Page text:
The general director of the Czech state fuel distributor Čepro has informed Finance Minister Miroslav Kalousek (TOP 09) he plans to step down in December after four years in the post, the daily Lidové noviny reported. According to our sources, Jiří Borovec, 47, also discussed his intensions with Industry and Trade Minister Martin Kuba (Civic Democrats, ODS), but no candidate to replace him has yet been tapped.
Čepro, solely owned by the Ministry of Finance, operates a 1,100-kilometer pipeline network for the distribution of petroleum in the Czech Republic and neighboring Slovakia, and owns 192 Euroil filling stations here, along with and 17 large storage facilities for refined fuels. Along with Mero, the state-owned pipeline operator, the company represents the strategic core of the country’s oil infrastructure — which is why finding a replacement for Borovec is also a political matter.
Why is Borovec leaving? He says it was purely his decision. “This year, my four-year mandate on the board ends. During my tenure, the government has changed three times and the post of Minister of Industry and Trade four times. Čepro under my leadership has submitted various strategic concepts to the government already in October 2009, but I’ve not heard of any decision thus far. I’m tired and de-motivated. Besides that I have fulfilled the goals that I set at the onset, and the company is profitable.”
Last year the company had sales of Kč 52 billion and a net profit of nearly Kč 660 million. “The past three years have seen the best results and we are winning past lawsuits,” Borovec said. (Čepro was the victim of a series of suspicious transactions during his predecessor Tomás Kadlec’s period at the top of the company, with some commodities purchases much lower than the market price and others bought at costs high above the going rate. In recent years it has suffered from dwindling sales at gas stations.)
Borovec added that at the moment he has no specific plans to take on a managerial role elsewhere. However, he is likely to return to the state-controlled power utility ČEZ, from whence he came to Čepro. He declined to say whom he had proposed to Kalousek as a successor.
Kalousek and Kuba agree
In political circles, however, information is circulating that Borovec is not leaving the well-paid and prestigious post of Čepro general director of his own accord. Trusted government sources told Czech Position it was a joint decision taken by Kalousek and Kuba. Apparently, the Ministry of Finance had grown tired of Borovec pushing for an answer on the strategic direction of the company.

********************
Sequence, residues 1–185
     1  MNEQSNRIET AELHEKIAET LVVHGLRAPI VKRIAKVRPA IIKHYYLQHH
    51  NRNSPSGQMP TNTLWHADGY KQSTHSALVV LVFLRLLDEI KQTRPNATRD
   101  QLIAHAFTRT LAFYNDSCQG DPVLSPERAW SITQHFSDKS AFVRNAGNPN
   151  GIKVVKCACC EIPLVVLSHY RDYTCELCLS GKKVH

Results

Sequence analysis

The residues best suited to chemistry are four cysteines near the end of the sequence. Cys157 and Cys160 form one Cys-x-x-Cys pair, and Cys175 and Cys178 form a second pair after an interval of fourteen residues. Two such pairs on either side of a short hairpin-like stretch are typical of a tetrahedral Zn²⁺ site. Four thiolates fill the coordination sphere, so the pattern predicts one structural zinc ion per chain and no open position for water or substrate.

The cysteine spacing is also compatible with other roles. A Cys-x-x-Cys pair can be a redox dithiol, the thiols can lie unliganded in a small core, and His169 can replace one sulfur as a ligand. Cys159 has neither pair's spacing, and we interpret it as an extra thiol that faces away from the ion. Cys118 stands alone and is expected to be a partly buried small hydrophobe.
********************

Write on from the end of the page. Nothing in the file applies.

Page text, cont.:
Borovec, however, claims Kalousek was satisfied with his work and even asked if the decision to leave was final. The Ministry of Industry and Trade, meanwhile, is purported to be interested in getting their own man at the helm of the strategic company. Even if true, Kalousek will have the final word on whom to appoint to the post of general director.
Last summer, the so-called economic ministers, comprised of the heads of 10 ministries, approved the Strategy Proposal for the Čepro enterprise and agreed to call a public tender to select a consultancy firm to advise on mergers and acquisitions, the aim being to sell a stake in the enterprise to one of the regional refiners. The government of Prime Minister Petr Nečas (Civic Democrats, ODS) in June 2011 had decided to establish the interdepartmental committee; nearly a year later, no such commission exists and no consultancy has been hired to study a possible Čepro sale. Among those eyeing taking a controlling stake in the Czech company and bolstering their respective positions in Central Europe are oil majors like Poland’s PKN Orlen, Hungary’s MOL and France’s Total.
Borovec is all for Čepro linking to refineries in neighboring countries. According to Czech Position’s sources, however, PM Nečas is not inclined to head in this direction; perhaps this played a significant role in the impending departure of Borovec — whether of his own accord or pushed by the current shareholders, i.e. the state.